I then told Captain B and C that they would cover the front, north of the creek, at the usual distance apart of the of the skirmishers. I directed Captain D to take his whole company just back of the left flank, follow the barrage closely, and jump across Booby’s Creek as fast as possible, and when the barrage passed the clump of woods, to capture those machine guns before they had time to open up on our line. Next, I told the captain of Company A and the engineers that they would be the reserve, and would follow behind the center, being careful to deploy as skirmishers and lie down in order to minimize the losses from the enemy’s counter-barrage.
All of us then carefully studied the map for an objective. Always, during training, we had been given an objective, and it had been impressed upon us that all of the experience of the English and French in Europe showed that an objective must not be overrun. The disaster to the British at Cambrai had been more or less indefinitely charged to their failure to stop when their objective had been reached. In the trench fighting which we had practices in our training our objective had in no case been more than 1,200 yards away, and generally it had been about 800 yards. So we all searched the map for an objective about 800 yards away. We could find none nearer than the line of Booby’s Creek, some 1,500 yards distant, so, to my great regret, I had to designate Booby’s Creek as the objective. I started to ring up Colonel R. and ask him if this was too far an objective. We noticed in the order that the artillery barrage would halt for 20 minutes on the slope behind Booby’s Creek, so it was decided that this was the best place for the objective. All were then told to carry lots of hand grenades, as my training experience showed we always needed lots of them to capture an objective.
After our work had been completed we all felt satisfied, and sat around for some two hours reminiscing about the old times at our various alma maters. Finally, about 11.00 p.m., we gathered around the council table, and sang a few songs: "It’s Always Fair Weather," "Way Down Yonder in the Cornfield," "Adaline." It was 1.00 a.m. before the party broke up.
At 3.30 a.m. Lieutenant Bright woke me, and I went out on the field. Everything looked encouraging. The fog was lifting, and it promised to be a bright sunshiny day. Nothing could be better. It is true that the Reds could see better on a clear day, but our spirits were so greatly improved by the fair weather and our morale was excellent on a bright sunshiny day. It mad me think of the beautiful day when my college swamped its rival in baseball by the score of 16 to 1, and we almost had a real fight because the called us Free Silverites.
At 4.30, the barrage started, and we followed it as in the last solution, with Companies B and C in skirmish line and the tanks waddling along with them. However, this time the line went forward without any deadly enfilade fire from the woods on our left. The men of Company D were right on the heels of the barrage, jumped across the creek the moment that the barrage passed and smothered the machine guns. This was deadly work and many of my men were killed. The enemy machine guns were often some distance back from the creek and fired through lanes made in the trees. As a result, if they raised their heads after the barrage, they managed to get in some shots before the men from Company D could cross the creek and get them. Four machine guns were captured, but the rest got away. It was deadly work. But Company D, with fearful loss, cleaned them up so fast or kept them so busy that they could not disturb the rest of the line. As a result, the line moved forward with precision, just behind the barrage, and reached the objective. Company D, or what was left of it, came up and extended the line just on the east slope of hill 443, and we proceeded to dig in and consolidate. I sent forward the engineers to consolidate the position. I had always heard the engineers should be on hand to consolidate a position, but I never knew just what this meant, and it appears that engineers themselves do not know. Obediently, they went forward and spread through the lines and gave a lot of advice, but in reality they joined in as infantry, and helped to hold the position. As this was what the engineer captain said he wanted I felt I had done just right. The tanks reported that they were stuck in the creek. I thought it was a good place to be stuck, so it was all right.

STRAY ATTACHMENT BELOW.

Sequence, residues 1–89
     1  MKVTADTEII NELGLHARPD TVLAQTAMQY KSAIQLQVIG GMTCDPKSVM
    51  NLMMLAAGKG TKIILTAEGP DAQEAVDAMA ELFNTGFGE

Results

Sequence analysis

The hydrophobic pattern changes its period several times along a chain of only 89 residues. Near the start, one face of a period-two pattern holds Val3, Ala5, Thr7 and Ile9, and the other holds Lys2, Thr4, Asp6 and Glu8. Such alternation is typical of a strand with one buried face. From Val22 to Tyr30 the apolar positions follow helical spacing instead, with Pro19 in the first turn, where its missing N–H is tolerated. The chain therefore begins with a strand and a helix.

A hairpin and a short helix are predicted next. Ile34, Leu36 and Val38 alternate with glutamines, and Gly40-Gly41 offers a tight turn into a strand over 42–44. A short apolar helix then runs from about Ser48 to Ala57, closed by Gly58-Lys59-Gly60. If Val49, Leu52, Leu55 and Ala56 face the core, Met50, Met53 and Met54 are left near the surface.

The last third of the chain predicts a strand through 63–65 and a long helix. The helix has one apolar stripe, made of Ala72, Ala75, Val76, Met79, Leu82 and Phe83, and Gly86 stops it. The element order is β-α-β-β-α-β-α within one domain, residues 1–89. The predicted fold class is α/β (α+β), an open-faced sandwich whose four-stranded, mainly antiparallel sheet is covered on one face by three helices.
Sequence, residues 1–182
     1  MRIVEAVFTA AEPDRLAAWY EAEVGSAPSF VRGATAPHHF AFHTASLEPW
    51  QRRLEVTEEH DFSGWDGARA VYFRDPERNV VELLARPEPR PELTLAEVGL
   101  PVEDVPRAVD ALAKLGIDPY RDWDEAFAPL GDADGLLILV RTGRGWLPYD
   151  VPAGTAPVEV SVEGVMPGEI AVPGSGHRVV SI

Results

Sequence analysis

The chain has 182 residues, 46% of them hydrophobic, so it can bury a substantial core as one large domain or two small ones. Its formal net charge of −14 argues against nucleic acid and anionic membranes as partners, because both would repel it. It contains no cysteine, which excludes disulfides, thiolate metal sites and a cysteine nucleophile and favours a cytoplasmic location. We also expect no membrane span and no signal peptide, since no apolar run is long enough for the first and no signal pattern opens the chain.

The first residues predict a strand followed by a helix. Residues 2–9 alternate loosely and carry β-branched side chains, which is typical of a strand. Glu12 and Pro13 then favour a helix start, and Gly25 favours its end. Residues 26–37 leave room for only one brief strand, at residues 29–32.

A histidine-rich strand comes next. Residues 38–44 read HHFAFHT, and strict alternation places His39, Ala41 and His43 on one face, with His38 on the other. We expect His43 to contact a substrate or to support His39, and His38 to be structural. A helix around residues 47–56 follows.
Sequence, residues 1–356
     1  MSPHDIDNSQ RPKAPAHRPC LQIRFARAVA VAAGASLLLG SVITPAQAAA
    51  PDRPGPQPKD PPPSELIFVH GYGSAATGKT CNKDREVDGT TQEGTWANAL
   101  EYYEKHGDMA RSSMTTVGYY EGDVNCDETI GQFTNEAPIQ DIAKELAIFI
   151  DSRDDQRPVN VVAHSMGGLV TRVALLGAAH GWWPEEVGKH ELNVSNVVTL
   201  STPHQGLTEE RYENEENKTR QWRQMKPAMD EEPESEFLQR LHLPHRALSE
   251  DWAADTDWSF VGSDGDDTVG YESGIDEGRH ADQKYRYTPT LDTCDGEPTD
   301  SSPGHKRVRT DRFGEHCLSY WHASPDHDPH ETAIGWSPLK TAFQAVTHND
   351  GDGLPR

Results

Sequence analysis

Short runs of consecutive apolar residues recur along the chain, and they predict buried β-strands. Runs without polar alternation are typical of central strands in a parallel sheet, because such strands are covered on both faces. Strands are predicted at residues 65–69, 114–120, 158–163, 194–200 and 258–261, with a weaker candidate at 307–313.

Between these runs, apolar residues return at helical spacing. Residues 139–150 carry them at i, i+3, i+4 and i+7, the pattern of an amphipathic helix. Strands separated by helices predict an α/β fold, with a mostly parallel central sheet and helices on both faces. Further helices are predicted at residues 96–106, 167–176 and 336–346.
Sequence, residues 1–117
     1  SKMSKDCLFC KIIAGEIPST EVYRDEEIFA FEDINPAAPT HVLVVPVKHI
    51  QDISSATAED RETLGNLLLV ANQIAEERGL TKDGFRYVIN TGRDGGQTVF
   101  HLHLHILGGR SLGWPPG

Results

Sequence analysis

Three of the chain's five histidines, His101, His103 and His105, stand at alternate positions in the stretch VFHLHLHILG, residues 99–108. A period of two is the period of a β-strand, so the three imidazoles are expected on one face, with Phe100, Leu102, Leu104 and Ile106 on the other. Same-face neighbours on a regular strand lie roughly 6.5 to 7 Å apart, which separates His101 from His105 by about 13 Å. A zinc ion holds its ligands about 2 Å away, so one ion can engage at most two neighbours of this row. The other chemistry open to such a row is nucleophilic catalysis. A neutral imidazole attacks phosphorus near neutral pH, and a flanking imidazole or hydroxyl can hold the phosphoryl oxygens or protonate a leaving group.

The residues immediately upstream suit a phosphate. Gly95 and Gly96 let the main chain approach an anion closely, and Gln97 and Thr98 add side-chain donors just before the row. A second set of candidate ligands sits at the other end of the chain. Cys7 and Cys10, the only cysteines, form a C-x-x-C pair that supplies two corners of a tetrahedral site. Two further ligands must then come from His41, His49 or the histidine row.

Meanwhile, I told my signalman to send a message to Colonel R. to the effect that we had taken our objective, Booby’s Creek, and were now consolidating the position. As this had to be signaled, and then telephoned, it took some time. In fact, I did not expect any answer. I only wished to show the Old Man that I had succeeded, just as I had told him I would. I rather expected that he would send forward another battalion to relieve me at dark and I could then return to the reserve and reorganize my force, now somewhat cut up, though not at all seriously injured, as their losses had been only some 20 per cent.
I directed A Company to dig squad trenches with large intervals in its reserve position east of the small ridge through hill 407. Then I went forward to the front line to see what could be seen. Our barrage started again, the 20 minutes being up, and went on over the bluffs and valleys to the west of Booby’s Creek. My accompanying guns had ceased firing, and the Stokes mortars and machine guns either had ceased firing or were firing on targets not in my immediate vicinity. As the enemy seemed fairly quiet, I congratulated myself that I had won a hard fight, and that tomorrow would be another day, and possibly tomorrow another battalion would do the attacking. Meanwhile we had won enough glory for a while at least.
My satisfaction was not lasting. My signalman handed me a message from Colonel R., some 20 minutes after our barrage had started on its jaunt over the hills and valleys to the westward. This message was stern and to the point. It said:
"You were given no objective period. You should not have stopped until the barrage stopped and not even then. Keep going. Hurry!"